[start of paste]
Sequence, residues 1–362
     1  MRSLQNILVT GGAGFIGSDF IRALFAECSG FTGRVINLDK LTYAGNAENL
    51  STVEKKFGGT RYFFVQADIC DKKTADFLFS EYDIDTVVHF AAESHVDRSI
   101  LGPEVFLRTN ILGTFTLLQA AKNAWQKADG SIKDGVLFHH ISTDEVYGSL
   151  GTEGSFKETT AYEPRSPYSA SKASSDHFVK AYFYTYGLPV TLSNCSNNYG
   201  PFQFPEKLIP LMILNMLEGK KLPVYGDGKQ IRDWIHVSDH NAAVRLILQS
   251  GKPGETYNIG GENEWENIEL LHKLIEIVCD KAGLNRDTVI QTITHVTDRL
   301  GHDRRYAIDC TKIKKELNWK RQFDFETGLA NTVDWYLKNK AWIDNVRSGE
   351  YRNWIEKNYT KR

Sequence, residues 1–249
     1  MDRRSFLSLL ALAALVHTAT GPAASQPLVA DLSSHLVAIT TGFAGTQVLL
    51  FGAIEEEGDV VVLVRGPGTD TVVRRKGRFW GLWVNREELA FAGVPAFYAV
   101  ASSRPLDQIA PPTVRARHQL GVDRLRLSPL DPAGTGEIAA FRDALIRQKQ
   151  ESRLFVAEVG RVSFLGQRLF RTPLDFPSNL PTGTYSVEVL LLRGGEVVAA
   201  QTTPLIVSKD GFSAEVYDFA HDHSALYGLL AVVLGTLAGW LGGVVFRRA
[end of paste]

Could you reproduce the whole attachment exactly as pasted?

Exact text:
Sequence, residues 1–362
     1  MRSLQNILVT GGAGFIGSDF IRALFAECSG FTGRVINLDK LTYAGNAENL
    51  STVEKKFGGT RYFFVQADIC DKKTADFLFS EYDIDTVVHF AAESHVDRSI
   101  LGPEVFLRTN ILGTFTLLQA AKNAWQKADG SIKDGVLFHH ISTDEVYGSL
   151  GTEGSFKETT AYEPRSPYSA SKASSDHFVK AYFYTYGLPV TLSNCSNNYG
   201  PFQFPEKLIP LMILNMLEGK KLPVYGDGKQ IRDWIHVSDH NAAVRLILQS
   251  GKPGETYNIG GENEWENIEL LHKLIEIVCD KAGLNRDTVI QTITHVTDRL
   301  GHDRRYAIDC TKIKKELNWK RQFDFETGLA NTVDWYLKNK AWIDNVRSGE
   351  YRNWIEKNYT KR

Sequence, residues 1–249
     1  MDRRSFLSLL ALAALVHTAT GPAASQPLVA DLSSHLVAIT TGFAGTQVLL
    51  FGAIEEEGDV VVLVRGPGTD TVVRRKGRFW GLWVNREELA FAGVPAFYAV
   101  ASSRPLDQIA PPTVRARHQL GVDRLRLSPL DPAGTGEIAA FRDALIRQKQ
   151  ESRLFVAEVG RVSFLGQRLF RTPLDFPSNL PTGTYSVEVL LLRGGEVVAA
   201  QTTPLIVSKD GFSAEVYDFA HDHSALYGLL AVVLGTLAGW LGGVVFRRA